Open Access

New concepts for building vocabulary for cell image ontologies

BMC Bioinformatics201112:487

DOI: 10.1186/1471-2105-12-487

Received: 11 June 2011

Accepted: 21 December 2011

Published: 21 December 2011



There are significant challenges associated with the building of ontologies for cell biology experiments including the large numbers of terms and their synonyms. These challenges make it difficult to simultaneously query data from multiple experiments or ontologies. If vocabulary terms were consistently used and reused across and within ontologies, queries would be possible through shared terms. One approach to achieving this is to strictly control the terms used in ontologies in the form of a pre-defined schema, but this approach limits the individual researcher's ability to create new terms when needed to describe new experiments.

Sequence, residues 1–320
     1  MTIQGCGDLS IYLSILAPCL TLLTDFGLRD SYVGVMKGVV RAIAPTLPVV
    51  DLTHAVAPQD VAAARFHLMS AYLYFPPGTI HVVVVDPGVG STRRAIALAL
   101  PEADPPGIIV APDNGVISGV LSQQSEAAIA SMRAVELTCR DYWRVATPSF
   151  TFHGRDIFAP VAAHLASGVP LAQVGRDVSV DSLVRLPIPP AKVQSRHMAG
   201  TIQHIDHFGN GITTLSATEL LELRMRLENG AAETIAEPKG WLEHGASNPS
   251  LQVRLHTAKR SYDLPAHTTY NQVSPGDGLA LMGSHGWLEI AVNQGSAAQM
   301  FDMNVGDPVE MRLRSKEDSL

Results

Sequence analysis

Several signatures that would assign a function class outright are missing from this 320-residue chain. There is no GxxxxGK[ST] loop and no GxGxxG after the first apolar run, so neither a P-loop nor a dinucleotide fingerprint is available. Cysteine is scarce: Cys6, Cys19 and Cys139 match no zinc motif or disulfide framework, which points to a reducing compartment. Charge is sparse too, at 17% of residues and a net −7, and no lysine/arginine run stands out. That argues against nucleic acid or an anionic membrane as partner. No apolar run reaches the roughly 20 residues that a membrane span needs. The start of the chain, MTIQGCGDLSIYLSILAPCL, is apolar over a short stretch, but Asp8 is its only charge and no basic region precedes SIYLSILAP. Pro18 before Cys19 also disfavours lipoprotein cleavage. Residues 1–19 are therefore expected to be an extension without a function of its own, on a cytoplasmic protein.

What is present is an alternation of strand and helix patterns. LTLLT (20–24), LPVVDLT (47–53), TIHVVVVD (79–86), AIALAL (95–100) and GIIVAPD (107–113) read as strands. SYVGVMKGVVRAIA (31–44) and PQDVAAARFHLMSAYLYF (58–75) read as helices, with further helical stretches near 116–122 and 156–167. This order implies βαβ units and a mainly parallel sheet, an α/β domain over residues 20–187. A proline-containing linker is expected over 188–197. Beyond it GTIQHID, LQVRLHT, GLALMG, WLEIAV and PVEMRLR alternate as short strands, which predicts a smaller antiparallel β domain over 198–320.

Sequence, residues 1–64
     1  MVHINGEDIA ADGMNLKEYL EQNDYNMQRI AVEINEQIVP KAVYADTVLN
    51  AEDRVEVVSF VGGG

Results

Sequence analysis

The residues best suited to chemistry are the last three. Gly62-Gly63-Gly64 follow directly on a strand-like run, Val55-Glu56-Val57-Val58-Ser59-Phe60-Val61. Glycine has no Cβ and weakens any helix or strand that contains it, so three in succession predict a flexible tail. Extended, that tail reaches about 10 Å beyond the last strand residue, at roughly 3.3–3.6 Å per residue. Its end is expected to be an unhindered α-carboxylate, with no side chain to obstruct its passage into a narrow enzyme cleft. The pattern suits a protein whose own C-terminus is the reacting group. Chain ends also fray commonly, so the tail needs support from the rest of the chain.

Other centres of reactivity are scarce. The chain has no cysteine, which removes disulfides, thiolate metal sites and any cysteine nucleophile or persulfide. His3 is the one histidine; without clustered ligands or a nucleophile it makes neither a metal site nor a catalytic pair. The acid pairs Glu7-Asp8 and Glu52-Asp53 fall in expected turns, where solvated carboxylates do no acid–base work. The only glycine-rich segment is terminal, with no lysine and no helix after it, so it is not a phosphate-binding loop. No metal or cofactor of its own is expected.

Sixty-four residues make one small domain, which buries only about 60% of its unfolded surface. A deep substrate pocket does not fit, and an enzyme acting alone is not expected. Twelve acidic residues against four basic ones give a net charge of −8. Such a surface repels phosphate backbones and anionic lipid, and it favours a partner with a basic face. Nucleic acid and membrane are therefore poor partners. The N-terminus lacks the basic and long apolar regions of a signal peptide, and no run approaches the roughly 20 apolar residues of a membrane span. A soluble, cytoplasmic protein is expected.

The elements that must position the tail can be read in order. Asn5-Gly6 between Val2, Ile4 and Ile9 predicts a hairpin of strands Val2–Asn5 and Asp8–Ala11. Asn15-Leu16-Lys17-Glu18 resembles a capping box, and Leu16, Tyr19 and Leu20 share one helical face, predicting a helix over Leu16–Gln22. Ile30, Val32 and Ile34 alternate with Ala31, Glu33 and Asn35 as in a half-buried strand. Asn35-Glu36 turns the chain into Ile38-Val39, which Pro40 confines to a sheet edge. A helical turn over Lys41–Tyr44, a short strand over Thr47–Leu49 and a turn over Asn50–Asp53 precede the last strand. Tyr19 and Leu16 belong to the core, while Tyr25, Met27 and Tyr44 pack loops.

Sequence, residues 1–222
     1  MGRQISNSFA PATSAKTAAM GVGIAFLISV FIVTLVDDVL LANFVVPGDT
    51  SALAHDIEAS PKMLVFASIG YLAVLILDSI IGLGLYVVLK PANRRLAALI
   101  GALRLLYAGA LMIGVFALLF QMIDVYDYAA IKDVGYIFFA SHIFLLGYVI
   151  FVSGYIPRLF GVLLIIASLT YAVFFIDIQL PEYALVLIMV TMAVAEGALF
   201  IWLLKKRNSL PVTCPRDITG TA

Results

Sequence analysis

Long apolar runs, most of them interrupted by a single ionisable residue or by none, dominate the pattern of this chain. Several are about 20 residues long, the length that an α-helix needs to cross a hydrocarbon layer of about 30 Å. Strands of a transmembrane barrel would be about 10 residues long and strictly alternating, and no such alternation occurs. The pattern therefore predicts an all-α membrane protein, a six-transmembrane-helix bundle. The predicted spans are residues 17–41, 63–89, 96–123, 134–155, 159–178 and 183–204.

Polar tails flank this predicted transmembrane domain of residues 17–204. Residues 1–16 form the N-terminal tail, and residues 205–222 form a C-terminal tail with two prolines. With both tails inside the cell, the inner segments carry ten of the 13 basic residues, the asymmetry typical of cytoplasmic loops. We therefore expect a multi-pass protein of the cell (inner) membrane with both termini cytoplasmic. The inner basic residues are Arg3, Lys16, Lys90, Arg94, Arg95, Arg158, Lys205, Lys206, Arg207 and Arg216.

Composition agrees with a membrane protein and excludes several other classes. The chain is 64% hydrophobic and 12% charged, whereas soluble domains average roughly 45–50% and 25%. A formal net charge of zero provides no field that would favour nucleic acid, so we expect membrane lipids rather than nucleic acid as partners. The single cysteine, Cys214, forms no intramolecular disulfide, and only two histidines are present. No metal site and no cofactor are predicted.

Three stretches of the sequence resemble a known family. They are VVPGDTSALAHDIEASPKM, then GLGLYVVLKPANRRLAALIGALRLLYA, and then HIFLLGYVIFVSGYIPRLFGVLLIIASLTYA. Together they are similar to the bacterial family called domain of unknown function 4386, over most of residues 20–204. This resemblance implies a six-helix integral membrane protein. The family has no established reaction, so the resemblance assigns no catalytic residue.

Here, we propose the use of a limited number of highly reusable common root terms, and rules for an experimentalist to locally expand terms by adding more specific terms under more general root terms to form specific new vocabulary hierarchies that can be used to build ontologies. We illustrate the application of the method to build vocabularies and a prototype database for cell images that uses a visual data-tree of terms to facilitate sophisticated queries based on a experimental parameters. We demonstrate how the terminology might be extended by adding new vocabulary terms into the hierarchy of terms in an evolving process. In this approach, image data and metadata are handled separately, so we also describe a robust file-naming scheme to unambiguously identify image and other files associated with each metadata value. The prototype database http://​sbd.​nist.​gov/​ consists of more than 2000 images of cells and benchmark materials, and 163 metadata terms that describe experimental details, including many details about cell culture and handling. Image files of interest can be retrieved, and their data can be compared, by choosing one or more relevant metadata values as search terms. Metadata values for any dataset can be compared with corresponding values of another dataset through logical operations.